i got into the blogosphere first this sermon when my husband and i went to germany and the folks in one of my bible study classes wanted to know how they could hear about what was going on while we were away. i enjoyed so much being able to reflect on the rich experiences we were having and get feedback from loved ones. i came back and started reading other blogs, first a few from friends (mags, of course) and then a few Unitarian blogs that all my friends seemed to be reading, and then one day I said "I really ought to be reading some Presbyterian blogs." So i found the ring of presby bloggers and started working my way through. and the vitriol was depressing. course i did find a few blogs on that day of eye-popping hostility and rants that i read every day now, but i've become more cautious about what lakes i dip my toes into in this great world wide web.

i commend you for trying to engage conversation in difficult sectors. and for attaining level 2 status! thumbs up, brother.

i guess the mask of the screenname allow for a vulnerability that makes some posts more powerful, but also for a nastiness that usually gets edited in face to face encounters. so the question is, or remains, is this how people really are? or does this medium draw this out of people? and is what you're experiencing about religion, or do we find this dynamic in all chat rooms and on all discussion boards, and if so is it more about our brokenness, our sin?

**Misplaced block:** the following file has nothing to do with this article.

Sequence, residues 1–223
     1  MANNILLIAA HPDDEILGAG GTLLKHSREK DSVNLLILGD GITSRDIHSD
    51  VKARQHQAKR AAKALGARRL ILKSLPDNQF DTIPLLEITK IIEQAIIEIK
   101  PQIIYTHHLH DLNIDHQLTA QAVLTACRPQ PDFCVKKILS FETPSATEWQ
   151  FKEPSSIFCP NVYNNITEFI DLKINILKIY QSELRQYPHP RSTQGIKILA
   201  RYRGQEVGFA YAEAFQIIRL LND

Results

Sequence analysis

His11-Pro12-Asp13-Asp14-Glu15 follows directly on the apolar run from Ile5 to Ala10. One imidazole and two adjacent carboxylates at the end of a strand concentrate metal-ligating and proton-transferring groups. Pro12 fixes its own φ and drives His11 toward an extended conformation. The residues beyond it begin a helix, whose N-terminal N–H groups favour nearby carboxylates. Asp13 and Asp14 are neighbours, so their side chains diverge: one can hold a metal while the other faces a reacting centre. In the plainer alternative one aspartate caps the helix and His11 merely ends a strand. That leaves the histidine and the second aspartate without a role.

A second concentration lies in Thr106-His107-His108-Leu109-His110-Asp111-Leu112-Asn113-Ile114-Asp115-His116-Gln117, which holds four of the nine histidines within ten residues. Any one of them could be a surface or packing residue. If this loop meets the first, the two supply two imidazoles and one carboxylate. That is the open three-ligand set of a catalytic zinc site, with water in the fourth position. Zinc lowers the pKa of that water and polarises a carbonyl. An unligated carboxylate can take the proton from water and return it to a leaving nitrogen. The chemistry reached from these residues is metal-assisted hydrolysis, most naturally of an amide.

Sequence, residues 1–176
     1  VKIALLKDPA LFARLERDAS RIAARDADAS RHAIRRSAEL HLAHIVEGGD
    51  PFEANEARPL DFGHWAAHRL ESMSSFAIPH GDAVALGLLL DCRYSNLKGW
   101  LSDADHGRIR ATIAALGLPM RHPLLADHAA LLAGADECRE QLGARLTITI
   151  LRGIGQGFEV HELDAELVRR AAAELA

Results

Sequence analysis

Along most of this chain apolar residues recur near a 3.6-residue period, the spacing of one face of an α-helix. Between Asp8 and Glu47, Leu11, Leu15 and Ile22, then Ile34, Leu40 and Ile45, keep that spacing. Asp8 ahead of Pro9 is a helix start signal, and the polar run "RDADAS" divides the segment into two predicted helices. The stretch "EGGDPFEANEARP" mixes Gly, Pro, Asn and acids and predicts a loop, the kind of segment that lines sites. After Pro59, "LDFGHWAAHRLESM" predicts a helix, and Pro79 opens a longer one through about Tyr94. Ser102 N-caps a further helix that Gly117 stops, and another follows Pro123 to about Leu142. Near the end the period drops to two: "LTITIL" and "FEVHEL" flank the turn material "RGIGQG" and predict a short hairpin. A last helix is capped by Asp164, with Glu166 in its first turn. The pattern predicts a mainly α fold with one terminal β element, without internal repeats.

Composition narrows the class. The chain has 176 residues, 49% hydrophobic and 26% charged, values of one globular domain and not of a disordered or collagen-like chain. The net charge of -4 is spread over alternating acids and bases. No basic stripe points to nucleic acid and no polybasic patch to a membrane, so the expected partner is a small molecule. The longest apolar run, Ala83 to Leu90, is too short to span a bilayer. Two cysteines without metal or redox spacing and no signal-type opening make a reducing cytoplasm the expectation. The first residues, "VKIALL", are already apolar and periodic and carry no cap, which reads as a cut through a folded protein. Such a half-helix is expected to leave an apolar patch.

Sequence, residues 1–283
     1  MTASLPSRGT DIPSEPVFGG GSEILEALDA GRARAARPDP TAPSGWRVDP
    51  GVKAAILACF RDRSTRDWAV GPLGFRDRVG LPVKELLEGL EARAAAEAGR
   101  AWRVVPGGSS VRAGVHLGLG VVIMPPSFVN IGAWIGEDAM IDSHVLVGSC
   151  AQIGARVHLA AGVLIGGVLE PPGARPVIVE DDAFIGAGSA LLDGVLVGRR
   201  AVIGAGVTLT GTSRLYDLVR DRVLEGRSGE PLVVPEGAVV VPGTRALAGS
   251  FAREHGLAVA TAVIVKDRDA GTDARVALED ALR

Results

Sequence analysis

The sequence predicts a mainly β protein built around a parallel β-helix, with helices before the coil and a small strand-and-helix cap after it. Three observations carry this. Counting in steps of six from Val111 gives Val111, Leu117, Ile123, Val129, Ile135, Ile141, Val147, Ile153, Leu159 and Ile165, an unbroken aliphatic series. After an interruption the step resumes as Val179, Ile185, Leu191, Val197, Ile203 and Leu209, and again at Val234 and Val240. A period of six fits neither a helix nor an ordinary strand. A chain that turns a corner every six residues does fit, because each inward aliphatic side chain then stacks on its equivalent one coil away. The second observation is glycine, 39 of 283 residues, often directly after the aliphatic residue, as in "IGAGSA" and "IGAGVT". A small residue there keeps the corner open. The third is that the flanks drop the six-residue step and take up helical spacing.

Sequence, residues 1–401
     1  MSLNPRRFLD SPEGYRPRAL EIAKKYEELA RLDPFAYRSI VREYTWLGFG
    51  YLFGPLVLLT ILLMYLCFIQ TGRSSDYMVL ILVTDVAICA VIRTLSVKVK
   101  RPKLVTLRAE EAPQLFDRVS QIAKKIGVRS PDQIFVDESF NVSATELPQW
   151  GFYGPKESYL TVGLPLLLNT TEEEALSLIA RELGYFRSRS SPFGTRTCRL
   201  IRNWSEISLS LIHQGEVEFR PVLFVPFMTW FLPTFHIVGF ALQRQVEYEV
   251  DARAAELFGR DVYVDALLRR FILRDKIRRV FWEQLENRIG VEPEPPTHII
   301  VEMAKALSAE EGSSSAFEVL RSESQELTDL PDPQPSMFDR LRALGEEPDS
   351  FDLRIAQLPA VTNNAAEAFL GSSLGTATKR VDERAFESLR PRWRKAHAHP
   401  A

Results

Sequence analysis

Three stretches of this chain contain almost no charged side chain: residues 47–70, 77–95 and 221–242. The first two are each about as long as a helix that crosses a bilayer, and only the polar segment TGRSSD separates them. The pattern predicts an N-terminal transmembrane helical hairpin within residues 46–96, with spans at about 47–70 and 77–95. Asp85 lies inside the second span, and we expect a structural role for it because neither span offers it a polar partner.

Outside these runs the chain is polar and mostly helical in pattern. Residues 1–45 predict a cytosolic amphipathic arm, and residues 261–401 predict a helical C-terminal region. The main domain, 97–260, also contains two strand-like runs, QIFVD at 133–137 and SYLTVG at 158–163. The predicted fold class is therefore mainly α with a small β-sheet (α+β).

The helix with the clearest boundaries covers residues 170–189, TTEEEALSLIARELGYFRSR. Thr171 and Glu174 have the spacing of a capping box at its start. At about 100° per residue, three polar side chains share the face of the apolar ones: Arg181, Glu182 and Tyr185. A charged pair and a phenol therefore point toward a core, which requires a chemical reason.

just some random musings on your thoughtful post.


steve said...

jc shakespeare,

Thank you for dropping by! It really is sad how people who claim to worship a God of love can fail so miserably to discuss things lovingly. I think people tend to feel threatened rather easily when it comes to religious matters, and those on the ideological extremes tend to think in absolutes anyway. That makes it easy to treat those who disagree with them as "enemies."

Oh, and BTW, I love the picture of you and your daughter. Blessings to you and your family.

more cows,

Your word of caution about dipping one's toes into various lakes on the web is well taken. What really interests me is this question of whether this is how most people really think about (and discuss) religious matters.

Obviously, I really hope this isn't the case. Yet when I look at how religious matters are dealt with in politics, how conservative religious organizations react to matters like gay rights, or even polls on the number of Americans who believe the earth is only 6000 years old...I wonder.

My hope is that somehow what is considered "normative" in religious matters will shift -- to a point where the discussion and rhetoric used is more loving, compassionate, and understanding.